The deal with dairy

Dairy is a nasty five letter word for many people who suffer from a dairy allergy or intolerance. And it’s a damn shame because there are so many yummy ice creams out there that those of us with dairy issues will never be able to safely sample.

Problems with dairy or lactose are not uncommon, but there’s a lot of misinformation out there, and I’ve even heard people asking if chicken is dairy.

This will be a somewhat simplified explanation, however if you want to read up more about dairy or lactose intolerance, or the relationship between lactase and lactose, check out the resource links at the bottom of this post.

Dairy and lactose

A dairy product is anything made from the milk of a mammal.

People with a dairy allergy or intolerance don’t necessarily react to every dairy product. Some people only have problems with dairy produced from cows, while other people have problems with a range of dairy products.

Lactose is a sugar found in dairy products. People who have a lactose intolerance have a shortage of lactase in their system, meaning they can’t metabolise lactose properly. The amount of lactose in dairy products varies between species e.g. cows milk contains more lactose than goats milk, and the amount of lactose also differs between different foods e.g. ice cream generally contains more lactose than cheese.

Dairy and lactose are not the same thing – a person with lactose intolerance could be perfectly healthy drinking lactose-free milk, while someone with a dairy intolerance or allergy would still react if the lactose-free milk contained dairy proteins.

The level of tolerance to dairy or lactose also varies from person to person. Some people can handle zero dairy or lactose (even contamination), while others can handle a reasonable amount of dairy with minimal reaction.


The symptoms of dairy intolerance and lactose intolerance include:

  • Stomach pain
  • Diarrhea
  • Stomach bloating
  • Vomiting

The symptoms of a dairy or milk allergy include:

  • Hives
  • Wheezing
  • Anaphylaxis 


There are a number of ways dairy and lactose intolerance can be diagnosed. Often diagnosis is made through elimination of dairy/lactose from the diet followed by careful monitored food challenges where dairy/lactose is reintroduced to check symptoms. This mode of diagnosis should not be attempted without the assistance of a medical professional. Other diagnostic methods include: hydrogen breath testing, lactose or milk tolerance testing, stool acidity testing, or small bowel biopsy.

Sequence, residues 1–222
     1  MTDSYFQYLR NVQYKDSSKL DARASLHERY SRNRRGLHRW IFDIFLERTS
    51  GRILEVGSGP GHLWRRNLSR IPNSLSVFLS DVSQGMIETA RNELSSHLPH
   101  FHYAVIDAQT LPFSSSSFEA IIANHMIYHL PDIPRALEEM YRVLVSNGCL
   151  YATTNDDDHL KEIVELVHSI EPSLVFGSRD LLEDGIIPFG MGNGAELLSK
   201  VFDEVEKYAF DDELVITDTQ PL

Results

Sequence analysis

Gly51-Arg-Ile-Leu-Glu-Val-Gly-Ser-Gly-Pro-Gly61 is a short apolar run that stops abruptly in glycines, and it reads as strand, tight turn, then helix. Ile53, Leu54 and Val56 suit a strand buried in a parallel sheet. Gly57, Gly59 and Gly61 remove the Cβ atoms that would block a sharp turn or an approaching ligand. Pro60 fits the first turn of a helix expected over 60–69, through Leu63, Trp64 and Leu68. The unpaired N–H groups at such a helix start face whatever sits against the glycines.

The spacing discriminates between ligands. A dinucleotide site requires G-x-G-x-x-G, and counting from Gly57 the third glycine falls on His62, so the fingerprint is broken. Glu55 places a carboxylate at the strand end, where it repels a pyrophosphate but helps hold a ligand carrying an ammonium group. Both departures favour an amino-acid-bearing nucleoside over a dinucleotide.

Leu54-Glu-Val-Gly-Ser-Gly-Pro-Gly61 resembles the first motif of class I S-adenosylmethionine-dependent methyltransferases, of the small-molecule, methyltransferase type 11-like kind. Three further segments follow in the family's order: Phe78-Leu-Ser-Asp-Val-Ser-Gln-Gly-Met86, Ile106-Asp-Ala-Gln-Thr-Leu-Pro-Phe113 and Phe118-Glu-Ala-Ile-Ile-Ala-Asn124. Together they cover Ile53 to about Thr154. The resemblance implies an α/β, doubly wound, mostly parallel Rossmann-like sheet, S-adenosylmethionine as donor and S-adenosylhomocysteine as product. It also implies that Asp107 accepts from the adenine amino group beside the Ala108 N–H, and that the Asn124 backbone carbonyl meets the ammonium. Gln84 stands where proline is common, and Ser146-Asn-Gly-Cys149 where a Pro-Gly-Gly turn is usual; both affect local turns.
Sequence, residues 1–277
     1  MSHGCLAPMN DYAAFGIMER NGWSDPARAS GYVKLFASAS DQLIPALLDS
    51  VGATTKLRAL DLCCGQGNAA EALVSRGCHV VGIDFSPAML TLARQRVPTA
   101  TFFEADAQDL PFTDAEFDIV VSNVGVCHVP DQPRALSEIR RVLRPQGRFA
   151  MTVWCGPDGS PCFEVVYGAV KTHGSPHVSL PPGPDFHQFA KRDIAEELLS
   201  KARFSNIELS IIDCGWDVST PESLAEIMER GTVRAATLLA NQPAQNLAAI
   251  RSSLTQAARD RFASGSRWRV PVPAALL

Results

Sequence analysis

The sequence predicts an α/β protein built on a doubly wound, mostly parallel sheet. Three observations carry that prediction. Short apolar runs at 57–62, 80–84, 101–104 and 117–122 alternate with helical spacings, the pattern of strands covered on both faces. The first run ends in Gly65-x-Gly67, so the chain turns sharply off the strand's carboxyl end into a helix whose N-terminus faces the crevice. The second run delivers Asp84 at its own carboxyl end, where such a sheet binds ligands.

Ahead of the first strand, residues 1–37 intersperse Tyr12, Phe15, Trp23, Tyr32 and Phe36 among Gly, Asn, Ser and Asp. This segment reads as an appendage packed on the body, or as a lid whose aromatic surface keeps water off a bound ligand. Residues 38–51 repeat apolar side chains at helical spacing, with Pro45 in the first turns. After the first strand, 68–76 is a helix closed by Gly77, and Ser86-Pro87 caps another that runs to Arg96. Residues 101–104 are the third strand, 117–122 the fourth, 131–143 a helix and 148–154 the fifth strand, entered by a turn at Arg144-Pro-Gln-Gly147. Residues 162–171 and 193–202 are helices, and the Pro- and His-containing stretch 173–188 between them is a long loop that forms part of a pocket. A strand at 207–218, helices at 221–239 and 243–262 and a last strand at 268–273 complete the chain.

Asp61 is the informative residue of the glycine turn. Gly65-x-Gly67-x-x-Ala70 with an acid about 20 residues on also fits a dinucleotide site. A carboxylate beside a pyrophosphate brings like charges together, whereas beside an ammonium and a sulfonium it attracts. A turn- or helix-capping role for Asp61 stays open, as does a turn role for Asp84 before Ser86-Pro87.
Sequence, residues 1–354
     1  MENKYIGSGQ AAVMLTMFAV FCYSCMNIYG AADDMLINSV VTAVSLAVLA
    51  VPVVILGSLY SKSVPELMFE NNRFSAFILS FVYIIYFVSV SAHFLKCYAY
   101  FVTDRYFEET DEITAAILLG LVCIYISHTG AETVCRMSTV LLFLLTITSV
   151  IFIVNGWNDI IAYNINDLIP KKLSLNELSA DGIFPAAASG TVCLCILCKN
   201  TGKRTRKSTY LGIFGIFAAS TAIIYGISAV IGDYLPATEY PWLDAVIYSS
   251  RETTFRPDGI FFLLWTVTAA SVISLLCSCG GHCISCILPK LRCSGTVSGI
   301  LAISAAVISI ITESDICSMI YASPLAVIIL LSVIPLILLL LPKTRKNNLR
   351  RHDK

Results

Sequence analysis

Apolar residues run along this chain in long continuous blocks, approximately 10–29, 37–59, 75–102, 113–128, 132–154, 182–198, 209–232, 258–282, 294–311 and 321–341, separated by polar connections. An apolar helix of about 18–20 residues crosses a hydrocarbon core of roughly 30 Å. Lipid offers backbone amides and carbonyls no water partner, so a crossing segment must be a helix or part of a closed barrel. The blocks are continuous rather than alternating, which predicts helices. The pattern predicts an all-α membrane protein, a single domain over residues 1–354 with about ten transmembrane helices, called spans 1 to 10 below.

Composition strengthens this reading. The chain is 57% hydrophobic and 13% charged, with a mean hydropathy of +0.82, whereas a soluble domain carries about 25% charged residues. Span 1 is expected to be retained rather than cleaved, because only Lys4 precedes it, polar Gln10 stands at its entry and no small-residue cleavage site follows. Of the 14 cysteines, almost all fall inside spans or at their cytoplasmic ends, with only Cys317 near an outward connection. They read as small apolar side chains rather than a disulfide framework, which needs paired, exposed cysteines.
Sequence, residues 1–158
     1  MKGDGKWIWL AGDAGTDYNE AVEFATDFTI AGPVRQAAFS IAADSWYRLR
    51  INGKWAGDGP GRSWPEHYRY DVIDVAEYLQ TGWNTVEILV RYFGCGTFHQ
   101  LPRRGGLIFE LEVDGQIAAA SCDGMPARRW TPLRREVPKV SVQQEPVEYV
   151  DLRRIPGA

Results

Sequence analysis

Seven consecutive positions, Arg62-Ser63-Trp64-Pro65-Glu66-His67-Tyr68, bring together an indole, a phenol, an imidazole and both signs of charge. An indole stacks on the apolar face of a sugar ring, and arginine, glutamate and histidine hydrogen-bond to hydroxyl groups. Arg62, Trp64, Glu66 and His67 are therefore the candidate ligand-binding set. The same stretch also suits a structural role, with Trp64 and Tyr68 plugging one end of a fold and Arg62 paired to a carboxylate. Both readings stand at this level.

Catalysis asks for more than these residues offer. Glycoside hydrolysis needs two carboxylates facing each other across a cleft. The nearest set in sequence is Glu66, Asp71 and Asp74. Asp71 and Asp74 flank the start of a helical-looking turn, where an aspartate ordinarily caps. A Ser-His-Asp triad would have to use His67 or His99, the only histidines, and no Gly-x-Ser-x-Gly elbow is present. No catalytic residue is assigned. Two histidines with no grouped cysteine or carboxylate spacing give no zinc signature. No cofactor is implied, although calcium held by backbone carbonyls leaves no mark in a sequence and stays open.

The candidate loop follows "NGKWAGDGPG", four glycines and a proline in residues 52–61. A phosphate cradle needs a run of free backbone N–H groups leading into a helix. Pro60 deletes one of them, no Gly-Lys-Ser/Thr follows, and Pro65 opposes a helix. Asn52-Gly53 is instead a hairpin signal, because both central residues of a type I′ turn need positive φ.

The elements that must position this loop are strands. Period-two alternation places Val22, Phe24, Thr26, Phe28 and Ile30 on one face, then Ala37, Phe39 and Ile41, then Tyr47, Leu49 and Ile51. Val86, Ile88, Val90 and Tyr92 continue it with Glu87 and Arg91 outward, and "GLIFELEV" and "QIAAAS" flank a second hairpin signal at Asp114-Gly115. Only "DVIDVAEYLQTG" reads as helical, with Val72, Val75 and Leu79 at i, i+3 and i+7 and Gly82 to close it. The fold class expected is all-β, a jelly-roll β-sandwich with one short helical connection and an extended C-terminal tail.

Diagnosis of a dairy or milk allergy is usually made through an IgE test (a test that measures the amount of immunoglobulin E antibodies in the blood when exposed to dairy/lactose) or skin testing (where the skin is pricked and exposed to dairy/lactose – a hive/raised welt would show a positive test for allergy).

Dairy and other health issues

Intolerance and allergy aside, dairy can also be a problem for other folk who don’t suffer from typical gut-related symptoms. Dairy can be a trigger for both eczema and asthma (although there is some debate about asthma), and is often cited as something to be avoided for people with auto-immune issues.

Dairy and lactose intolerance are also more likely to be a problem for people with existing gut issues e.g. Coeliac or Crohns Disease.

Alternatives to dairy

Lucky for dairy-affected folk there are a large number of dairy alternatives. Some common alternatives include: soy, rice milk, oat milk and coconut milk. Lactose intolerant folk can usually handle all of the dairy-free alternatives previously mentioned as well as lactose-free milks (there are a few on the market in New Zealand). If you’re wanting to bake without dairy, this link shows some great Dairy-free substitutions.

Take care out there guys!



Allergy New Zealand: Cow’s milk allergy

National Institute of Diabetes and Digestive and Kidney Issues: Lactose Intolerance

Mayo Clinic: Diseases and Conditions, Lactose Intolerance

Annual review of Genetics: Genetics of lactase persistence and lactose intolerance

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